Surely I will miss the employees. I will miss the horses.

But I also look forward to commit and connect with my youngest, now 8 months old. And my wife looks forward to get back to work.
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LOL  I'm starting to fall in love with you!  A Bromance it is then.
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Søren Sjøgren

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To all my dear Google+ friends:
Happy new year 2014

Thanks for sharing your ideas and discussing others in a respectful manner.
Thanks for all the interesting posts.
Thanks for the thoughtful comments.
Thanks for every single +1 and reshare.
Thanks for 2013.

Let's continue along that path and make this community even better in 2014.

Harpy new year and stay safe.

A special and personal thanks for 2013 to:
+Walter H Groth for sharing interesting articles on leadership and always providing his own practical perspective.
+Tamara Schenk for thoughtful comments and interesting articles on leadership and sales.
+Karin Sebelin for her inspirational quotes and unique emphatic insight.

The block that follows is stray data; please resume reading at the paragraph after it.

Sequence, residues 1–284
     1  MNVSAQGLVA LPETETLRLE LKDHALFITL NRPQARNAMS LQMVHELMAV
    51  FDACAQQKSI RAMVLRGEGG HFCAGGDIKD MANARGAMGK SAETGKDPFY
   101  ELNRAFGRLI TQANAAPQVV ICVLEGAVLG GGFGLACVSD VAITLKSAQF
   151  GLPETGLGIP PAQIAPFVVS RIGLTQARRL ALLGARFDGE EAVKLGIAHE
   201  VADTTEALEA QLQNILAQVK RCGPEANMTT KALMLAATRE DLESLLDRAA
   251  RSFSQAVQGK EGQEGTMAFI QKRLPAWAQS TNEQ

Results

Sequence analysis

Walter H Groth's profile photoTamara Schenk's profile photo
Thank you +Søren Sjøgren! Wishing you a healthy, happy, joyful, playful, creative and successful new year! 
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Søren Sjøgren

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My scribblings of 2013 in review
2013 became the my debut as a guest blogger. The first was at Denmark's largest blog on communication BRO. After that others followed. I have picked three posts that define 2013 to me:

Lead from the font:
This is one of the topics I care most about. In combat leading from the front is the only thing that will get your troops going in the long run. Don't tell 'em, show 'em.

How to lead infantrywomen in combat:
On November 20, 2013 the first women passed US Marine Corps' infantry course. Soon US junior officers will have to face the challenge of leading mixed gender combat units. In this short guest post I shared my experience.